Daily Management Review

Underwhelming Expectations, ETF Buying Doubled by BOJ in its Policy Easing Strategy


07/29/2016




Underwhelming Expectations, ETF Buying Doubled by BOJ in its Policy Easing Strategy
While disappointing investors who had set their hearts on more audacious measures but yielding to pressure from the government and financial markets for bolder action, the Bank of Japan expanded stimulus on Friday by doubling purchases of exchange-traded funds (ETF).
 
But the central bank also suggested that a major overhaul of its stimulus program may be forthcoming when it said that it will conduct a thorough assessment of the effects of negative interest rates and its massive asset-buying program.
 
The total holdings of the bank increased at an annual pace of 6 trillion yen ($58 billion), up from the current 3.3 trillion yen, after its announcement to increase ETF purchases at the two-day rate review that ended on Friday. The decision was made by a 7-2 vote.
 
In addition to the pace of purchases for other assets including Japanese government bonds, the bank also maintained its base money target at 80 trillion yen.
 
The 0.1 percent interest it charges to a portion of excess reserves financial institutions park with the central bank was also left unchanged.
 
After the BOJ's decision fell short of expectations, the Nikkei average tumbled nearly 2 percent and the dollar fell more than a full yen on Friday at one point to as low as 102.825.

"The BOJ did not live up to expectations. Increasing ETF purchases makes no contribution to achieving a 2 percent inflation. The BOJ won't admit it, but it has reached the limits of quantitative easing and negative rates," said Norio Miyagawa, senior economist at Mizuho Securities.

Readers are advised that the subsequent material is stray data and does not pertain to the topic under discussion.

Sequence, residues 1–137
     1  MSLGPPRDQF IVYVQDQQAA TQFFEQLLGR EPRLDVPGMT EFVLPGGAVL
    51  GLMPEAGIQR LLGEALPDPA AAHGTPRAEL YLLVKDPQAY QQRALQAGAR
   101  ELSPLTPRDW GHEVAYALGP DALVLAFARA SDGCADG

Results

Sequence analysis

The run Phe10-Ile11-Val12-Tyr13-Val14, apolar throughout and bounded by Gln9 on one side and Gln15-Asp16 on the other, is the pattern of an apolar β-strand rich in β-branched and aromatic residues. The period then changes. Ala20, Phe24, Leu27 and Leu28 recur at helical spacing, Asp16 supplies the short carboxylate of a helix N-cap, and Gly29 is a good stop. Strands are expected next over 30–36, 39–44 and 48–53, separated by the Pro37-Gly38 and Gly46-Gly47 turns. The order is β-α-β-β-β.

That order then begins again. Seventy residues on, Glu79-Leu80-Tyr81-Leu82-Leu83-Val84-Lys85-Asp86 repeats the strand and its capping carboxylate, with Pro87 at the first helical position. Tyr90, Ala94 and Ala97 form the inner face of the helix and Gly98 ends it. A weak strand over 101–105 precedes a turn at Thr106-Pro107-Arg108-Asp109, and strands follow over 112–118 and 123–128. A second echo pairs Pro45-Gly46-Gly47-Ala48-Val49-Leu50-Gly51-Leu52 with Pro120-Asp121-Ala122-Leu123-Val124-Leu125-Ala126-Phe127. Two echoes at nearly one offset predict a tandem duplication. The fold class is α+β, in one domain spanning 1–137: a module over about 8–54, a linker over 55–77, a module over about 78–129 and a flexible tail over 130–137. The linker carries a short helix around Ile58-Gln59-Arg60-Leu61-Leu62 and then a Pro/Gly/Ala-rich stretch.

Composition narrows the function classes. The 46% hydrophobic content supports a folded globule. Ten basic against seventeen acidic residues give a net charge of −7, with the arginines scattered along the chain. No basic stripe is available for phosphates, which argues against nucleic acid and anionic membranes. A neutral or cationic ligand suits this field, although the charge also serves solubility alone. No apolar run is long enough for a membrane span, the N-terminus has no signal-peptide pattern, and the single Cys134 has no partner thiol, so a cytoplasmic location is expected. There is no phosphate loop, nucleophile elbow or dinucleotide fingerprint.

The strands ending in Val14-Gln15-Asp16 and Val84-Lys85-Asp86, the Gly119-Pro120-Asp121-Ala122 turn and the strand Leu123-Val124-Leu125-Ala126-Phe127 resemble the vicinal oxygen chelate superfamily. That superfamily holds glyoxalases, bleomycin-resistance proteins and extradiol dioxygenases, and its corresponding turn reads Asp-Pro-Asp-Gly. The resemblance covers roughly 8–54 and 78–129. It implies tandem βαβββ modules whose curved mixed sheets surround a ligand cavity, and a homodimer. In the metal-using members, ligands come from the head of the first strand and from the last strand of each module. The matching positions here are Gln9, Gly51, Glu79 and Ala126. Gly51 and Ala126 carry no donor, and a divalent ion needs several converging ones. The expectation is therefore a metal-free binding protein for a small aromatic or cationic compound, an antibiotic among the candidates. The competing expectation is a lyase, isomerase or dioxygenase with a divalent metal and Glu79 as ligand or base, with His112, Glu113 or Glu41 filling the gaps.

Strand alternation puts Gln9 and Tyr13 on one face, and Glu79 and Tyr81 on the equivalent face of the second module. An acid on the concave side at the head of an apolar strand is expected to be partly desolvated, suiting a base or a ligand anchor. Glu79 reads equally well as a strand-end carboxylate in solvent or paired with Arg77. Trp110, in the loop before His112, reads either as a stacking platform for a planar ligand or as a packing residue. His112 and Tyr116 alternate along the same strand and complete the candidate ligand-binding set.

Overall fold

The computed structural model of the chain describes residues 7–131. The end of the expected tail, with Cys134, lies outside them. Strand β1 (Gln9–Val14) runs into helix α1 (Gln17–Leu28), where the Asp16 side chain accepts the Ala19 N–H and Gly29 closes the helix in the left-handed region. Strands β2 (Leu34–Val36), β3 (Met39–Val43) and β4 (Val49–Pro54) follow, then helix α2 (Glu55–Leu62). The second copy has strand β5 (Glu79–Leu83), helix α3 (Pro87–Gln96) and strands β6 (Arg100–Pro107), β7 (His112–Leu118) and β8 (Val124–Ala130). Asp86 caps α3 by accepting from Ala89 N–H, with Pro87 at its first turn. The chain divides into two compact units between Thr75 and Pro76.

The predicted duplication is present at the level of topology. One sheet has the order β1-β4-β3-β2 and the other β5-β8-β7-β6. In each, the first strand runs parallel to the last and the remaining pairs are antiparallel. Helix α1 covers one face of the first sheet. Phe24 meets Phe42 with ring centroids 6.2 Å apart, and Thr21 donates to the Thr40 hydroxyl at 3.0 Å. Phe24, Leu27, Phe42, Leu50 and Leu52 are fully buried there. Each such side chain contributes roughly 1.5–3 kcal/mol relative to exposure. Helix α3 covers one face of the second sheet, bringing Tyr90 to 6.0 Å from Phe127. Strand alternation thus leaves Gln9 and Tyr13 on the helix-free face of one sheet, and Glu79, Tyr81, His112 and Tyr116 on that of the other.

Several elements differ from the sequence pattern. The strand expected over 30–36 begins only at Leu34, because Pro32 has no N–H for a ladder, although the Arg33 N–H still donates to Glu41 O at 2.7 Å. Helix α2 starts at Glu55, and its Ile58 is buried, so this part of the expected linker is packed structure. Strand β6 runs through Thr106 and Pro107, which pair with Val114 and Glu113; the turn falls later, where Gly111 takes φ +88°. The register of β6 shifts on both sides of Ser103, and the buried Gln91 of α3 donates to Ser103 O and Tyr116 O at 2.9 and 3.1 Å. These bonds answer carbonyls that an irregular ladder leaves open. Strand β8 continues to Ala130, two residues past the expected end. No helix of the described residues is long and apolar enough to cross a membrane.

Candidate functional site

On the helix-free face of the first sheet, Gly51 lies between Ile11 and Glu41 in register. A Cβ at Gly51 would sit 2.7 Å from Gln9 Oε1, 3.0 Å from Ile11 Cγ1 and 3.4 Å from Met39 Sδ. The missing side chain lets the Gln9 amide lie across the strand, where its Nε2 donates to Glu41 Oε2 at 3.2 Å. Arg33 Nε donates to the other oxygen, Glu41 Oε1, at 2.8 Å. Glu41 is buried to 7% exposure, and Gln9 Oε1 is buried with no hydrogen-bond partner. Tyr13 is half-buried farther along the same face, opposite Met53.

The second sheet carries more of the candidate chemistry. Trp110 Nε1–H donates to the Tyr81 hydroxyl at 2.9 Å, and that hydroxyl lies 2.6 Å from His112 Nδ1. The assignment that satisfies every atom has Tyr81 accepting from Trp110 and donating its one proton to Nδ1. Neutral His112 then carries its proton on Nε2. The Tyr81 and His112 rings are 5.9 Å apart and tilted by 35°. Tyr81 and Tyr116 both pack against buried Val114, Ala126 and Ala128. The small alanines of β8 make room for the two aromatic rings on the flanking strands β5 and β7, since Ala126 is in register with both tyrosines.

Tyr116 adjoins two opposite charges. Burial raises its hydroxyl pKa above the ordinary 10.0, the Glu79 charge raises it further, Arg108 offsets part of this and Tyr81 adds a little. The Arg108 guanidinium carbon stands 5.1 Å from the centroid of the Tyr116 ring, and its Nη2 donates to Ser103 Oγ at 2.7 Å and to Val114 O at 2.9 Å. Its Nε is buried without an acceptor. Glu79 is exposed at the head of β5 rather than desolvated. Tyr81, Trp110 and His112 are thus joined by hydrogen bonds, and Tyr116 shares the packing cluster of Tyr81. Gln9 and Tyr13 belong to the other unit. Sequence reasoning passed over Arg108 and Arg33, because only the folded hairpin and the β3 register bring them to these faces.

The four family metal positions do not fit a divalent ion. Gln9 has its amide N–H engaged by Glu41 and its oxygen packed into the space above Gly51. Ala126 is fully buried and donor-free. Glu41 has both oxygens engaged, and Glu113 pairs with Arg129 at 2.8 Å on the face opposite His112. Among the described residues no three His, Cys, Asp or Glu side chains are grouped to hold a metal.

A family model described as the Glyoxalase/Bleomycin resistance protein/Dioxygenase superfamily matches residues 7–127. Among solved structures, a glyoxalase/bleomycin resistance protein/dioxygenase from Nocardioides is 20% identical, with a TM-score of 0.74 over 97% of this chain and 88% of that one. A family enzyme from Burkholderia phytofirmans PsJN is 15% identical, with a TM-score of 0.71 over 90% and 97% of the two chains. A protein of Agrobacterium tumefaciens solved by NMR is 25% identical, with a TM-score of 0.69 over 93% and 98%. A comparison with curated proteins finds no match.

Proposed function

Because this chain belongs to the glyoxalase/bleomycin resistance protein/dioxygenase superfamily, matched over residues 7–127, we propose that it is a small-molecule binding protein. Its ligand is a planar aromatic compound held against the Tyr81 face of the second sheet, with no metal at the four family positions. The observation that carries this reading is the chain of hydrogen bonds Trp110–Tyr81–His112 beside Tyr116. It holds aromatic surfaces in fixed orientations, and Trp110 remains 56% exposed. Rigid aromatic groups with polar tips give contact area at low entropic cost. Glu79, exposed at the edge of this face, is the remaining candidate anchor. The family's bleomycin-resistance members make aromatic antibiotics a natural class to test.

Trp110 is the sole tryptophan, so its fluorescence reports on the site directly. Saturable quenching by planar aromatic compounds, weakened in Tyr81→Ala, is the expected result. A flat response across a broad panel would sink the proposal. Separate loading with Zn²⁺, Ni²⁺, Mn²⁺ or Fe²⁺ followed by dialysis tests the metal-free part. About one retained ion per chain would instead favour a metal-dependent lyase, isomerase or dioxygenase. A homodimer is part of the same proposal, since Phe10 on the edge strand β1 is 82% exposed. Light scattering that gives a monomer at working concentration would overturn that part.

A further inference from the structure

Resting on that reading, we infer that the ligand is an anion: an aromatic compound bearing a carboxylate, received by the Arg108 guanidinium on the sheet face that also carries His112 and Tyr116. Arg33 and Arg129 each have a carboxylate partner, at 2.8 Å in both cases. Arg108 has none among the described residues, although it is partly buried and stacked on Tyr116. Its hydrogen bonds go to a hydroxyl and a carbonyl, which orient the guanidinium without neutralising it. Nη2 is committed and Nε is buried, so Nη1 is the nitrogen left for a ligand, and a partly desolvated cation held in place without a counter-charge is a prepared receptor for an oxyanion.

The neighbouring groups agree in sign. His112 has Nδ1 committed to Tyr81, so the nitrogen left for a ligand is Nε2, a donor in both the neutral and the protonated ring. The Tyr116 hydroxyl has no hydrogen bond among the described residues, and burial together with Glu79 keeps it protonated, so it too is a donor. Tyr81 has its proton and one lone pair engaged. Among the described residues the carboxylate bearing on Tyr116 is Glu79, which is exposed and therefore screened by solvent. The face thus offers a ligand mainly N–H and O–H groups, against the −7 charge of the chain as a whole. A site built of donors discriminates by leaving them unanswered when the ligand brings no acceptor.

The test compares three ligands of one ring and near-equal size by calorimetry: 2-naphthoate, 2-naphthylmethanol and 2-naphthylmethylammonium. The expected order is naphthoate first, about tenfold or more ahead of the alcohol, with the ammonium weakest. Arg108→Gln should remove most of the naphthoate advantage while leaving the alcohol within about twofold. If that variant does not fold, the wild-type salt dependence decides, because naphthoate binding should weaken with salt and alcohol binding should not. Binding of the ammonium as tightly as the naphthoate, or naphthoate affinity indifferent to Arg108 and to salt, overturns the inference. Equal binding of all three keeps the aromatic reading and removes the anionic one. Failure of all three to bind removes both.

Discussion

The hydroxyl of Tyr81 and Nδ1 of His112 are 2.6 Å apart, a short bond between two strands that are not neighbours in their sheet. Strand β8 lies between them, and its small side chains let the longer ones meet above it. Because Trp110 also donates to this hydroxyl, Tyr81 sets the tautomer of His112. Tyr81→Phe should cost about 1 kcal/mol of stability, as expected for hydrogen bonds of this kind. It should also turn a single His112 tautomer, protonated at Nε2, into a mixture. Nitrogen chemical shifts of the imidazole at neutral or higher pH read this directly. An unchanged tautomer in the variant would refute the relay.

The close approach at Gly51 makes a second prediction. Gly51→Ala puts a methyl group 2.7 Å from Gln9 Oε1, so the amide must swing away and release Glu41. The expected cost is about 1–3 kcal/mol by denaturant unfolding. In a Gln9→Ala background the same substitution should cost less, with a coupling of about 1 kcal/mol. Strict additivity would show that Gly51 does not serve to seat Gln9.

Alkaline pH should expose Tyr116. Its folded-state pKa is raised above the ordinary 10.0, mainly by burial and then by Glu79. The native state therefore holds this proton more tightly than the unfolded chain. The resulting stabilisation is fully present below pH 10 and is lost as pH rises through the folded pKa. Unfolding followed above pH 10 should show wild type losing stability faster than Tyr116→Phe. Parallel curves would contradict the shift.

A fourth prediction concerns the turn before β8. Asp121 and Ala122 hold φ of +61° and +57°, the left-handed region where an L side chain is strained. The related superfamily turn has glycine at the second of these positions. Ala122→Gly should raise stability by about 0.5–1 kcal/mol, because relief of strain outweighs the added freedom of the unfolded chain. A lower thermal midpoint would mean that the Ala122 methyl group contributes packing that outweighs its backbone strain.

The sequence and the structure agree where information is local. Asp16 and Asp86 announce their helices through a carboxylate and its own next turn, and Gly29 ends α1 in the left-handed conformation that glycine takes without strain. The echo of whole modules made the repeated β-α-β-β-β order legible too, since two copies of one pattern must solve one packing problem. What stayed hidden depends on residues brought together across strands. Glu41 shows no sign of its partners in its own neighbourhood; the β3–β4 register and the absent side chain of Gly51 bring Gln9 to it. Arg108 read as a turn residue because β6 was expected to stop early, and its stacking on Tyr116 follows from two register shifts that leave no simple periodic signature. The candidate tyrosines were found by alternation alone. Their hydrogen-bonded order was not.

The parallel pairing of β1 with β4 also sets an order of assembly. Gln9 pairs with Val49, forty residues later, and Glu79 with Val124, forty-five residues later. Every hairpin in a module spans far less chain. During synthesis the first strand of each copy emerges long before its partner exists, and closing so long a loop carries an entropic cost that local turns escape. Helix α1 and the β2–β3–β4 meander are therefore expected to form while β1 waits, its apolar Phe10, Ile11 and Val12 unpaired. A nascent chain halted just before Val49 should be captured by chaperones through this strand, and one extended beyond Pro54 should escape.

The BOJ likely aimed to maximize the effect of its measures on the world's third-biggest economy by coordinating its action with the government's promised $272 billion economic stimulus spending package. The Japanese economy is struggling to escape decades of deflation.
 
"Japan is conducting a powerful mix of flexible fiscal policy and quantitative easing. The government's stimulus package helps reinforce this drive and is timely in achieving sustainable growth with price stability," BOJ Governor Haruhiko Kuroda told a news conference after the decision.
 
In a quarterly review of its projections, the BOJ maintained its rosy inflation forecasts for fiscal 2017 and 2018. The bank warned uncertainties could cause delays even as it left intact the timeframe for hitting its price growth target.
 
"Japan's economy may see the pace of recovery slow for a while due to some weakness in exports and output. But it is then expected to continue expanding above its potential growth rate and expand moderately as a trend, with rising income driving spending among companies and households," Kuroda said.
  
The bank also attempted to stop business and house hold confidence from getting a hit by external headwinds, such as weak emerging market demand and Britain's vote to leave the European Union, which according to it justified its Friday's monetary easing.
 
But the move was largely forced by the government and markets pressures, say analysts. In the wake of Prime Minister Shinzo Abe's announcement of a bigger-than-expected 28 trillion yen stimulus package on Wednesday, Japan's economy minister lobbied for more BOJ.
 
"The BOJ seems to have had no choice but to ease policy this time as markets had factored in its fresh stimulus measures significantly. In addition to that, there seems to have been political pressure," said Tsuyoshi Ueno, senior economist at NLI Research Institute.
 
(source:www.reuters.com) 






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